Why Going Back to the Drawing Board Feels So Good

2 minute read

I reused an old project for an Elearning Heroes Elearning Challenge to use gifs. The process and results were pleasantly surprising. Now I have a snazzy mad libs style cybersecurity activity – with gifs!

The project is an to help reinforce security culture at company. It would be part of a campaign about locking a computer when your leave your desk. It is part training, part habit-forming. Read more about the ideas behind the Storyline activity in an earlier post.

Demo of Cybersecurity Awareness Madlibs Activity
Try Office Antics

Redoing an activity…really?

Does that make me lazy?

No Way!

The beauty of E-learning challenges is that you can play with an example in different contexts, with different constraints.

The experiment pushed me to see the activity from a new perspective.

What I changed

I mostly changed the design and tone. I wanted to create something that had more of an internet culture vibe.

The changes let me see space on the slide in ways I was blind to before.

  • I was asking the user to fill out way too much information. I cut some out.
  • I experimented with how few instructions I could put on the slide. I put instructions out of habit. It seems elearning instructions are stuck in the 1990s (click Next). The apps are moving away from on-screen instructions. I want to push my elearning that way too.

I love personal projects because you often have more time to contemplate. When I live with a project for weeks or months, new ideas just seem to bubble up.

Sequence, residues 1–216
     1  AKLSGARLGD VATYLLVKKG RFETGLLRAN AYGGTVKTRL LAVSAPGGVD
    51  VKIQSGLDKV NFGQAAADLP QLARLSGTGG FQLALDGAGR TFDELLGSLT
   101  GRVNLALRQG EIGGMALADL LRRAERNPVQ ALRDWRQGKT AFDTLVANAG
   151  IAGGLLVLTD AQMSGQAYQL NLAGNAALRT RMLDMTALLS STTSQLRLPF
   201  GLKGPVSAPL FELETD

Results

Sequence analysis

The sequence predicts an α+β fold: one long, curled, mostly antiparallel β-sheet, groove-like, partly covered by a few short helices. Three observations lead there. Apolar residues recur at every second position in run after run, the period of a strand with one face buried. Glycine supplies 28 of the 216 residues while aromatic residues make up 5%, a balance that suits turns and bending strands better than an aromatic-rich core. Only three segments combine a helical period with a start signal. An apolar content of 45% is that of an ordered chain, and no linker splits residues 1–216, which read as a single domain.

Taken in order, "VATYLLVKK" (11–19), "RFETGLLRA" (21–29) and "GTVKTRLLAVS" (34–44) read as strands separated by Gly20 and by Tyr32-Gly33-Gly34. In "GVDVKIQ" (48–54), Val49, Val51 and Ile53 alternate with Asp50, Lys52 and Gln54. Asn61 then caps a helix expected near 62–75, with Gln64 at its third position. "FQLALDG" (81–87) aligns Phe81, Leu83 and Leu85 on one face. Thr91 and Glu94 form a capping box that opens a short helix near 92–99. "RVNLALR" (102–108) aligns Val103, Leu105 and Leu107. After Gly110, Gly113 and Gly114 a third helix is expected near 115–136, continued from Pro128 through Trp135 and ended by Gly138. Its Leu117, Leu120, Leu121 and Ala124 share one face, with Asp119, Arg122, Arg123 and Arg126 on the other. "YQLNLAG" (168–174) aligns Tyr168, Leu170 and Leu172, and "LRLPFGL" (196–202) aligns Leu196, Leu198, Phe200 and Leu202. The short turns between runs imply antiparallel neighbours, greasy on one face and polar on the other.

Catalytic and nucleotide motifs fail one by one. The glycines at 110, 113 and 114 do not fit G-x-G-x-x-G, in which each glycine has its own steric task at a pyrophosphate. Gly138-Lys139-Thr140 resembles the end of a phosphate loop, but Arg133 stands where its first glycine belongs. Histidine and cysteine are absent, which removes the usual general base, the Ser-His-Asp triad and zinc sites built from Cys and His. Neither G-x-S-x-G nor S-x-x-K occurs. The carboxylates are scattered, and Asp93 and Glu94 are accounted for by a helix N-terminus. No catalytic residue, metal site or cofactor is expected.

If only I could have such time at work. :)

I am only half joking. I’ve learned new things by tinkering. I’ve practised editing. That practice transfers.

Feedback and Change in Elearning Development

The changes I made were easy to do because the activity felt less precious than it did last week. Last week I was enamoured by the idea. I also was focused on getting the variables and triggers working properly.

I was less stressed because I already knew it worked. Now I could just make it better.

I had a neutral openess towards the final outcome of the project. I could substantially edit the activity and take it to new places without too much worry.

I am usually open to changes and feedback during projects. This type of play provides hands-on practice with iterative development. The project seemed to breathe on it’s own.

In the first version the focus was on what I could do to make this work. I think that is what lean or agile practitioners call a minimally viable product. Then this second example just goes further.

Version 1 of Activity Screen Shot
Check out version 1.

Version 2 of Activity Screen Shot
Check out version 2

Honestly, I had more fun in the editing phase than I did creating.